Yes a new discovery has taken the Dental field by storm, there has been a new discovery by a group of Scientists in University of Leeds.
They have successfully used a Fluidto regrow the portion of the tooth which was decayed due to the effect of caries.
Say no to Drilling
Tooth decay begins when acid produced by bacteria in plaque dissolves the mineral in the teeth, causing microscopic holes or ‘pores’ to form. As the decay process progresses these micro-pores increase in size and number. Eventually the damaged tooth may have to be drilled and filled to prevent toothache, or even removed.
What is this Fluid:
- This fluid contains a peptide known as P 11-4.
- And it is a Peptide which is said to help in the re calcification of the Tooth structure.
How does this “Magic Fluid or Peptide P 11-4” Work:
- Developed in the University of Leeds’ School of Chemistry, led by Dr Amalia Aggeli.
- It contains a peptide known as P 11-4
- This Peptide is said to assemble together into fibres in some conditions.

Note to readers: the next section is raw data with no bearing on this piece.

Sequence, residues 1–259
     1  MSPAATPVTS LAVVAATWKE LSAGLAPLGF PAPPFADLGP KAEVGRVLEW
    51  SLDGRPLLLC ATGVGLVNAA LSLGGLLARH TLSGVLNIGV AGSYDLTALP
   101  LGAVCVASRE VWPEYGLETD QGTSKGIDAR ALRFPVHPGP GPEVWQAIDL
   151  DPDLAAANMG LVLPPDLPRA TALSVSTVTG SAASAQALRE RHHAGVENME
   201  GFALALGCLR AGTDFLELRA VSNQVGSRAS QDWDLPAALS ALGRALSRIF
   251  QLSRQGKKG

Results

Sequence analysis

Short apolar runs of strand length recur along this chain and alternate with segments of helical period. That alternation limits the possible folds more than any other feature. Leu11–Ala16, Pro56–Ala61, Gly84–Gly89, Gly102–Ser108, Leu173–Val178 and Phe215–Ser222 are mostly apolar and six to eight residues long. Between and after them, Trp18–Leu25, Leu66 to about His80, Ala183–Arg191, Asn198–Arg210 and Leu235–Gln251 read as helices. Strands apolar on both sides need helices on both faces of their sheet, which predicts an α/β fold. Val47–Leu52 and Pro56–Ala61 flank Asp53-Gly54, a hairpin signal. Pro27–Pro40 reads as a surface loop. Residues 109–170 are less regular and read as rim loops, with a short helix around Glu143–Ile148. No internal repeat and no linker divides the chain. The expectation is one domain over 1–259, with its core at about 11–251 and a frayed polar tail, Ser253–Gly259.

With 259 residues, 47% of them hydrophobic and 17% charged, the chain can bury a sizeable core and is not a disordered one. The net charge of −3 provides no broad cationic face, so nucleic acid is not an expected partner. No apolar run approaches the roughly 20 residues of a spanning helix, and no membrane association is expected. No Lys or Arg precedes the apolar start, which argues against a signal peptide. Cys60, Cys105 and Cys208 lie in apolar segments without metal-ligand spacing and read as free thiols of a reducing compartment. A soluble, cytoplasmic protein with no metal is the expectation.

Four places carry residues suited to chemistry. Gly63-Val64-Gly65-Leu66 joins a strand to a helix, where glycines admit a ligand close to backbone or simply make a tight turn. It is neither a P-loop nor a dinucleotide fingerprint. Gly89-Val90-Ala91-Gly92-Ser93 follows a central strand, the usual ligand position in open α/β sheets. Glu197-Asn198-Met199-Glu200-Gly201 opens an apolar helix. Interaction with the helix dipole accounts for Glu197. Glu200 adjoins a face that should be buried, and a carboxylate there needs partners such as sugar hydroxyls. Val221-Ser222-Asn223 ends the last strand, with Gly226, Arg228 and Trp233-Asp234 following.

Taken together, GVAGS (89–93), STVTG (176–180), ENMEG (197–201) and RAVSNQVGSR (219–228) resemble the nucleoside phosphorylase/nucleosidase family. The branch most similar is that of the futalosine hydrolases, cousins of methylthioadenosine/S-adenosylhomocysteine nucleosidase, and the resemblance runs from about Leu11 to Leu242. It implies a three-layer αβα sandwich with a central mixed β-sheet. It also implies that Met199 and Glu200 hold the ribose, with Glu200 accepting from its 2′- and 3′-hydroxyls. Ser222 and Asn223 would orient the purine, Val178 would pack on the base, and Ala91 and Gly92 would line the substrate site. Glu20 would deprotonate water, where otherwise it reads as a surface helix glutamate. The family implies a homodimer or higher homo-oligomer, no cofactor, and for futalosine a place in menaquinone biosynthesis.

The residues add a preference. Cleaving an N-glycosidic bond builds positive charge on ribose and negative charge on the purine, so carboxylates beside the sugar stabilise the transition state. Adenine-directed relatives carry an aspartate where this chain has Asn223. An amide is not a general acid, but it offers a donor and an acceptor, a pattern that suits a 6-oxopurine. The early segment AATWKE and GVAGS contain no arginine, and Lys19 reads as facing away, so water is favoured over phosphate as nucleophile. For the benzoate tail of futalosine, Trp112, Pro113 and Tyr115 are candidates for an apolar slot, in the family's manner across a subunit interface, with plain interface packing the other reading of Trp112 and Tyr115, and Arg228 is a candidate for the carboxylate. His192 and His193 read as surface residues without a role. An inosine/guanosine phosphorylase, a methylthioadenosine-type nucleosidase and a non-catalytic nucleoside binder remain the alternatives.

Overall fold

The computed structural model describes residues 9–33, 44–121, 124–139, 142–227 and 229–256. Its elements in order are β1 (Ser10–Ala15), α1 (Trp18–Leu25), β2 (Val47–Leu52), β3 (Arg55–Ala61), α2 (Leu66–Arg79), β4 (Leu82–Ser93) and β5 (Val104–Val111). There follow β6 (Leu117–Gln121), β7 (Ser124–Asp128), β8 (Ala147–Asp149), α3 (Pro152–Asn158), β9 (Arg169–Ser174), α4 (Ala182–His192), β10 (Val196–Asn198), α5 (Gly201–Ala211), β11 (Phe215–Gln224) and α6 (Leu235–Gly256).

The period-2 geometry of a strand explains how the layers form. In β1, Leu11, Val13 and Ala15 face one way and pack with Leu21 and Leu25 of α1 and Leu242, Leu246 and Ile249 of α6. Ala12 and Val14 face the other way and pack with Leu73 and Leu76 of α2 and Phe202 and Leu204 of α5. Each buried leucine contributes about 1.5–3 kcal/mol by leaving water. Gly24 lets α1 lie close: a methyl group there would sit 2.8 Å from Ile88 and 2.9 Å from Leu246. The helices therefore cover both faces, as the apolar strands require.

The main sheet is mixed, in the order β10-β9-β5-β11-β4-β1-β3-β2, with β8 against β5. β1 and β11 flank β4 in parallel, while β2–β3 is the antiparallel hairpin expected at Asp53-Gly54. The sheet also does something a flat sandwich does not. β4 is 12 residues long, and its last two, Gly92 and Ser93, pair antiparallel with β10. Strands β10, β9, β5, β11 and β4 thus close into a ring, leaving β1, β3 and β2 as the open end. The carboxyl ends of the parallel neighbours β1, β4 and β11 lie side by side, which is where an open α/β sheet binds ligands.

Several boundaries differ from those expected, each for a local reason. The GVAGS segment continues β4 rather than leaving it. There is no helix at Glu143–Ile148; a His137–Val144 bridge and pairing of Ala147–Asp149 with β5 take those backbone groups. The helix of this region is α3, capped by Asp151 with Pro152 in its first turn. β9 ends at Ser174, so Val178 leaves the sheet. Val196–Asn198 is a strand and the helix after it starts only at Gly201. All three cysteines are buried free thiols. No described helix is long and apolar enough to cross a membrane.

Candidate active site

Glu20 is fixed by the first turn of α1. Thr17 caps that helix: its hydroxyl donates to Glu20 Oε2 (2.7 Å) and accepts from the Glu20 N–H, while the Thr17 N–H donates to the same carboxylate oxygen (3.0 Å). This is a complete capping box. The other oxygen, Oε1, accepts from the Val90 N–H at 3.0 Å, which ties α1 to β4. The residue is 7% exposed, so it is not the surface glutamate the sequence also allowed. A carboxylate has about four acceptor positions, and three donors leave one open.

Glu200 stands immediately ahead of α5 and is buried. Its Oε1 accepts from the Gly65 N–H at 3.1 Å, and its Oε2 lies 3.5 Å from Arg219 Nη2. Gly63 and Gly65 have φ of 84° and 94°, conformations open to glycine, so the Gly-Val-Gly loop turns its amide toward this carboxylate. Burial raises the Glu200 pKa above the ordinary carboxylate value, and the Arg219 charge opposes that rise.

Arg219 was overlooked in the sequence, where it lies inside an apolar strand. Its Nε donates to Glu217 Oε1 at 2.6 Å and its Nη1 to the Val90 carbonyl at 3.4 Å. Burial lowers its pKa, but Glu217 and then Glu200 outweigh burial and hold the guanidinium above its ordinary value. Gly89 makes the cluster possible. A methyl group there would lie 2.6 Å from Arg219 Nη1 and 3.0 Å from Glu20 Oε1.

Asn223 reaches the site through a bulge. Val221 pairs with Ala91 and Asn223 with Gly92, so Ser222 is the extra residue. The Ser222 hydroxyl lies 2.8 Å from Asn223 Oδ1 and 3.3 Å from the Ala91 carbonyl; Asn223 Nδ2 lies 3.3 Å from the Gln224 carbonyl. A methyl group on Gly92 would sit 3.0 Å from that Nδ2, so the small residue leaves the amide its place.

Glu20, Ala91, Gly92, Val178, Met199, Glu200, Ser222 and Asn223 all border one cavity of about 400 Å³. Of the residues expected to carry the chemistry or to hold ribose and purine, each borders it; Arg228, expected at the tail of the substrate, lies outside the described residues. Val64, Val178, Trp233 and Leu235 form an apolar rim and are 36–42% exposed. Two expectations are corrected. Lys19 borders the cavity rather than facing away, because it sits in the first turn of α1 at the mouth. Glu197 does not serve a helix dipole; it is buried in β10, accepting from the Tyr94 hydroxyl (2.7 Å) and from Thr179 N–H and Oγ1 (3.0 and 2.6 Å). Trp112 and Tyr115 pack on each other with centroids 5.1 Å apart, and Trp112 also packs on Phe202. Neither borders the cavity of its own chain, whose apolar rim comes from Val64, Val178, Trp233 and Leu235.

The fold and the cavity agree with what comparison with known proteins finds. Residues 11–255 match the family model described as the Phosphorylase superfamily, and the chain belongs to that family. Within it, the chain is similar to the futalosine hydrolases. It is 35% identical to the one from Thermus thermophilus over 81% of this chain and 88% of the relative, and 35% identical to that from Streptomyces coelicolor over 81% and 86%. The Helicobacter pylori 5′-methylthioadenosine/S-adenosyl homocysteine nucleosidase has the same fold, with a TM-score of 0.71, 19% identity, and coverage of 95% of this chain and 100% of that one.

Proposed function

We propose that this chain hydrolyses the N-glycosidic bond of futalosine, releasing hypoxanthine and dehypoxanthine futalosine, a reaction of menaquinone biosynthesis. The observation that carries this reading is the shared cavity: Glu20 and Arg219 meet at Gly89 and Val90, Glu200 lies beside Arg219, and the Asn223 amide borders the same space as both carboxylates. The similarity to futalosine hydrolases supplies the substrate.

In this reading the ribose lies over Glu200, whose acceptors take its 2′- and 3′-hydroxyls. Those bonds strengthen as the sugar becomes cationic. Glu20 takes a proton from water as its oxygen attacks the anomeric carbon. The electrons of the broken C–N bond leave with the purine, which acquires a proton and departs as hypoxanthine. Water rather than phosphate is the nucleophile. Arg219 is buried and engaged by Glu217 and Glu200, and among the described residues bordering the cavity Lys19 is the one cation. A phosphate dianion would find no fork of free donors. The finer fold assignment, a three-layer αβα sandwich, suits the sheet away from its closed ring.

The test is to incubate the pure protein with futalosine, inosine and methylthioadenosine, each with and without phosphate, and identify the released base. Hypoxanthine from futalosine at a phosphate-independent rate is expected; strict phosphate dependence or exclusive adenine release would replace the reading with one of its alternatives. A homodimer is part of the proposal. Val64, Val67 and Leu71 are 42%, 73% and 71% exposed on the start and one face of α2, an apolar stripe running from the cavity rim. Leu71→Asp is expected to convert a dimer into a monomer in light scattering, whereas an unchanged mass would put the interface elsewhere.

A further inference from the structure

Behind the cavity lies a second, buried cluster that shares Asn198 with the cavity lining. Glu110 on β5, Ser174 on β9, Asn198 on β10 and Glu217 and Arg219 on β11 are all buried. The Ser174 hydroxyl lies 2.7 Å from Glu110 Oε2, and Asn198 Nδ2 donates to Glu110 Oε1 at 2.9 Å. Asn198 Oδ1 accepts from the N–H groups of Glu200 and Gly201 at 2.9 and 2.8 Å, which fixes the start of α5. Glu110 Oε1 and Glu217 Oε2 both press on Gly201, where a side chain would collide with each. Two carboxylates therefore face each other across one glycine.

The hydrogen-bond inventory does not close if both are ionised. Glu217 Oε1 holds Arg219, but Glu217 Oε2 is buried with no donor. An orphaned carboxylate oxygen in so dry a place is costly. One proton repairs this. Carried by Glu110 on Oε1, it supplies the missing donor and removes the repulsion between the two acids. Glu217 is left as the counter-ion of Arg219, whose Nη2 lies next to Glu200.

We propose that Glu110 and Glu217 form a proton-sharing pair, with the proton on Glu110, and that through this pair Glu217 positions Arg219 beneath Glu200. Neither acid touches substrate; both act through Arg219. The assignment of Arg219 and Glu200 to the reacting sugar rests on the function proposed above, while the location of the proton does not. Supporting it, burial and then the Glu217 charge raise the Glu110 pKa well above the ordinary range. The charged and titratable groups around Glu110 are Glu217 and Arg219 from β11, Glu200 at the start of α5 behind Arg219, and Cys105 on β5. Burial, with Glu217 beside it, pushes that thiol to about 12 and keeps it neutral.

- When applied to the tooth, the fluid seeps into the micro-pores caused by acid attack and then spontaneously forms a gel.
- This gel then provides a ‘scaffold’ or framework that attracts calcium and regenerates the tooth’s mineral from within, providing a natural and pain-free repair.
What are its Advantages ??
The main reason patients fear a dentist is
- Dental Drilling
- Local Anesthesia injections in the mouth.
With the help of this technique both the major fears of the patient can be averted and the patient will willingly be redy to undergo this procedure which will cure him the Painless way.
Will it be Successful ??
According to Professor Paul Brunton, who is overseeing the patient testing at the University of Leeds Dental Institute:
They have conducted tests on a small group of patients who were having initial caries and the Doctors have noticed that this Peptide has not only stopped the Carious process but Reversed the situation.
He was also Stating: “If these results can be repeated on a larger patient group, then I have no doubt whatsoever that in two to three years time this technique will be available for dentists to use in their daily practice.”
But the main problem can be that if this really works out then what will be the fate of all the restorative material manufacturers,
- will they let is come out and boom the market ? or
- will they stop it from making a debut in the Clinics ??